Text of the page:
First some years in the wilderness. Then, a partial compensation for the previous demotion, either because one showed he learned the lesson or because it is better not to have him as too bitter an enemy.
Save his face. Give him something. After the stick, it is wise to throw a carrot. It’s not good to have bitter enemies all around one.
I have learned to not trust Cardinal Burke, though even after all this shameless waiting I keep hoping that, at some point, he will still man up. As we enter October 2017, I must say this particular cardinal’s pair is extremely, and excruciatingly, slow in growing.
The appointment – of which it is very reasonable to assume that the Cardinal was informed beforehand, and approved beforehand – could mean one of two things: either it is the (very small) sign of approval given by Francis for Burke’s continued silence about Amoris Laetitia, (you might say in this case the compensation would have been bigger; but cowards aren’t much feared, and they will readily accept a small compensation; besides, the new appointment might give Burke a very small finger behind which to hide in explaining why the correction is now informally called “Godot”), or it is an acknowledgment that the anti Amoris Laetitia party is getting some traction, and the impatience against Francis’ Banana Republic methods is growing bigger; thus leading Francis to throw a small piece of meat to the dissatisfied kitten.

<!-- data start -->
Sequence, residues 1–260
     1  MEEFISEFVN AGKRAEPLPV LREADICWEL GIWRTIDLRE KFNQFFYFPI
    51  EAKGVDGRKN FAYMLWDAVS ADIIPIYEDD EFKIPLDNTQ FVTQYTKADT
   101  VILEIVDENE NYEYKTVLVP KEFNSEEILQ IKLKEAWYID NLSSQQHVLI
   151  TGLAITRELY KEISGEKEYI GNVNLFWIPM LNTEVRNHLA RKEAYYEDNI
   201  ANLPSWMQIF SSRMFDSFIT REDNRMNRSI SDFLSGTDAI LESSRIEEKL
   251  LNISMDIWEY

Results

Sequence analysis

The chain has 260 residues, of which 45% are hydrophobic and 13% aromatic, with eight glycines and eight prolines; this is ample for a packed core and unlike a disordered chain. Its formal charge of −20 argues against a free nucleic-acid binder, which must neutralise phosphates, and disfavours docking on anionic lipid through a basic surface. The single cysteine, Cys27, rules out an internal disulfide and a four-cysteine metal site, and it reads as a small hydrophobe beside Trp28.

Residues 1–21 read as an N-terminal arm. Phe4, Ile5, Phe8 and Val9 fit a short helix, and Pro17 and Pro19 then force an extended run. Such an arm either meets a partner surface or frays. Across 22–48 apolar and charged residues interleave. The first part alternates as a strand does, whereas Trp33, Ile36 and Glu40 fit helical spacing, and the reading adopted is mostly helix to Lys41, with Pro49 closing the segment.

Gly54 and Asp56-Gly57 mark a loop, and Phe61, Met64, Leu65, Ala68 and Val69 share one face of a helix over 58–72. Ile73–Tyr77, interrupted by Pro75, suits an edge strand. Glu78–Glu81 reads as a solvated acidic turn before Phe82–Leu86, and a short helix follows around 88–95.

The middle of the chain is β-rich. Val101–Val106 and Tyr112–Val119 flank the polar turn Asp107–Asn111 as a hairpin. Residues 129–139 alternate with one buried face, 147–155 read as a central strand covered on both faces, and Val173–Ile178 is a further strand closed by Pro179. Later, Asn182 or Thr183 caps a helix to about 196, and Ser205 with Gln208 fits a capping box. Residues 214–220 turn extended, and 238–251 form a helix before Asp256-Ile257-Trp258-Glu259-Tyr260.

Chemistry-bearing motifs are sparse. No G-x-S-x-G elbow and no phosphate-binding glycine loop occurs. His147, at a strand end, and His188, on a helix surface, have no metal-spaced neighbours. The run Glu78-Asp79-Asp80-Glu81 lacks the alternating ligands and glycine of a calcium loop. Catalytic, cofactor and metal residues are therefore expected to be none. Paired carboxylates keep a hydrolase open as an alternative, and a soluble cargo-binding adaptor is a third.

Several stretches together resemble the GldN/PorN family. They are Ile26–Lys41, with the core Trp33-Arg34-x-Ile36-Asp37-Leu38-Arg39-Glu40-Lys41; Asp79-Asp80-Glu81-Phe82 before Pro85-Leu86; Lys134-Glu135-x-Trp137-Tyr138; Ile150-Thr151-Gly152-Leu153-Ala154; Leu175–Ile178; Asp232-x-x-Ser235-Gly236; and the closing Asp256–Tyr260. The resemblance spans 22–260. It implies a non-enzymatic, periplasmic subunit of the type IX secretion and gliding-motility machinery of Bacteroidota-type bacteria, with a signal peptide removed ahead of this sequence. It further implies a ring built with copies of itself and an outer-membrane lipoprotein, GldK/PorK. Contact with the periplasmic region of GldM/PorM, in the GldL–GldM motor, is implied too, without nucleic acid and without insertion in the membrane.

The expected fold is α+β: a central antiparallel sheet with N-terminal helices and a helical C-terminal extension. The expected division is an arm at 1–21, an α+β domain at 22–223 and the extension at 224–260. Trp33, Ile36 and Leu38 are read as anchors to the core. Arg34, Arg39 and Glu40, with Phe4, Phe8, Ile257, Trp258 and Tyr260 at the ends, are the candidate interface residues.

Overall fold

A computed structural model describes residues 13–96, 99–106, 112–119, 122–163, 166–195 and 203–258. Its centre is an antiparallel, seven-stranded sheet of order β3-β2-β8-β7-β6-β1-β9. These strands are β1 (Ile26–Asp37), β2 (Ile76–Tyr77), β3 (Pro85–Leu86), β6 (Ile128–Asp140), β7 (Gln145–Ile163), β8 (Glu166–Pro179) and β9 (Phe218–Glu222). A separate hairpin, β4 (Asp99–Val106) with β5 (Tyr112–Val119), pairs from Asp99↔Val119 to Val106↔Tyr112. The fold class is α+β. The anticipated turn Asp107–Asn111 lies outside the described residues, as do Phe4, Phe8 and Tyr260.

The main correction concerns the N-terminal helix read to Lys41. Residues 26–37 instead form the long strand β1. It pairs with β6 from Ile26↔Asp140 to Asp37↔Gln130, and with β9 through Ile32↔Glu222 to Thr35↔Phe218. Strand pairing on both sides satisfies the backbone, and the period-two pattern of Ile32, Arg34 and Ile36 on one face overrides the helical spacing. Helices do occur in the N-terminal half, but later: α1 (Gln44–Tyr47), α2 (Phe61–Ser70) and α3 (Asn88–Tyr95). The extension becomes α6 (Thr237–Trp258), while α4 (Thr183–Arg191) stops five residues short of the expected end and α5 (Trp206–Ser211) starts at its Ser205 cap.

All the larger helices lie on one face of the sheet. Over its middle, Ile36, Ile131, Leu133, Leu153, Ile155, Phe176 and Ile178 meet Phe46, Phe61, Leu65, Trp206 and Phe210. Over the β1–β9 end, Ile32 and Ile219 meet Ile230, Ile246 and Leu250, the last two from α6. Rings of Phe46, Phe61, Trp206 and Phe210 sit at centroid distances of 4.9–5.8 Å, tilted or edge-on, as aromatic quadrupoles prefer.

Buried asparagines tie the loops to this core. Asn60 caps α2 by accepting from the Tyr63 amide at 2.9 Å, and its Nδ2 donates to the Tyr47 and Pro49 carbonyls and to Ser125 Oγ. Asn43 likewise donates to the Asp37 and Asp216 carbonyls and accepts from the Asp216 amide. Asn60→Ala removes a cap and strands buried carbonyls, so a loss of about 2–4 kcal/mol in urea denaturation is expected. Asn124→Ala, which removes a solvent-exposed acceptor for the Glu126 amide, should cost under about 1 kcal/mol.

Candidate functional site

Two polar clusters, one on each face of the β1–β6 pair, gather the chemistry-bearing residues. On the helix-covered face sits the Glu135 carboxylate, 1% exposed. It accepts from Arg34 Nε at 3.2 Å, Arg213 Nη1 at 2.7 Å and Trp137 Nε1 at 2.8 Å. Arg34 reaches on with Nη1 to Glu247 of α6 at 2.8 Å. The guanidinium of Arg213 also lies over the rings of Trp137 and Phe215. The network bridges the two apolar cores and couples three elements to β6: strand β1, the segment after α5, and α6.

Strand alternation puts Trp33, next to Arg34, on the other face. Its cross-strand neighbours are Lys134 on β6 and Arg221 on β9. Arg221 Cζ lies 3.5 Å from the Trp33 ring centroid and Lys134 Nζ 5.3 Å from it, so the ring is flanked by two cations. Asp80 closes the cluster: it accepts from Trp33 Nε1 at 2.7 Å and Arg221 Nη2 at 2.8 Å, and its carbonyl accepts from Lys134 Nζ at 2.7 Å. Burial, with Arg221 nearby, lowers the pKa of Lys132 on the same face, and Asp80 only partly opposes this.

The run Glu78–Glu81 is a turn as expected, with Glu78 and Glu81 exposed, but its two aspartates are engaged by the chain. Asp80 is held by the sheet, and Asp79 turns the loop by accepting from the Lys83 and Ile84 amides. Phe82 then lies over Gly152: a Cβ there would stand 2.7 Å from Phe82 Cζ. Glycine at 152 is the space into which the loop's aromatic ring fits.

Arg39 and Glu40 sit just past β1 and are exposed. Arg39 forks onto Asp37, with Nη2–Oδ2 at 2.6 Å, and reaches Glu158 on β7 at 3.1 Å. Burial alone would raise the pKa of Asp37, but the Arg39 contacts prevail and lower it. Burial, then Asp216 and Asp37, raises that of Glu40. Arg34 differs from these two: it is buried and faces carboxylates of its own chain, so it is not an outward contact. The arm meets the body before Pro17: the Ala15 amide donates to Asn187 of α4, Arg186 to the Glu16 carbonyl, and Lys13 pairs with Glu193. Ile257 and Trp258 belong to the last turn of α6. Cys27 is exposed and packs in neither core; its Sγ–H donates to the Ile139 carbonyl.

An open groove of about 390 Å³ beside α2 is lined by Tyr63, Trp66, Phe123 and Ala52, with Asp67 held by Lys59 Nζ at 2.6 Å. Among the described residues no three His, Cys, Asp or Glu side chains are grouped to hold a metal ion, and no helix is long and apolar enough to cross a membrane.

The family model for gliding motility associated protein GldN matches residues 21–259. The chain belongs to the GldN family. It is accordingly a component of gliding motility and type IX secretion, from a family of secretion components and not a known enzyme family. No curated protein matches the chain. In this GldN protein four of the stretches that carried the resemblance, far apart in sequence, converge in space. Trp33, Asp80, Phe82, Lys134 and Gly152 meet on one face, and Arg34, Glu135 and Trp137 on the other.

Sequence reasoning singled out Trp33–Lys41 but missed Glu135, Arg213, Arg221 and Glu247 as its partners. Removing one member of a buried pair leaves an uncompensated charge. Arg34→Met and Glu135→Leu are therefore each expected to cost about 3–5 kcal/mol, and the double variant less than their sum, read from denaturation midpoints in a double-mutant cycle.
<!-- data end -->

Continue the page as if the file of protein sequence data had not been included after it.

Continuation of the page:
Just in case you are thinking Francis is now steering a more conservative path, wait some hours and the next off-the-cuff subversive homily will cure you of this dangerous fantasy.
For the avoidance of doubt, one thing I do not believe is that Burke sent Francis this message: “I want to let the correction matter drop, but give me something!”, and this appointment is the price for his bought silence. Whilst I think the man a kitten, I do not think him a person capable of selling his principles for an appointment. I think his personal tragedy is rather one of great weakness, and inability to find the courage to do what he full well knows he must do; and that Francis is throwing him some meat to encourage the man to keep schtum about AL.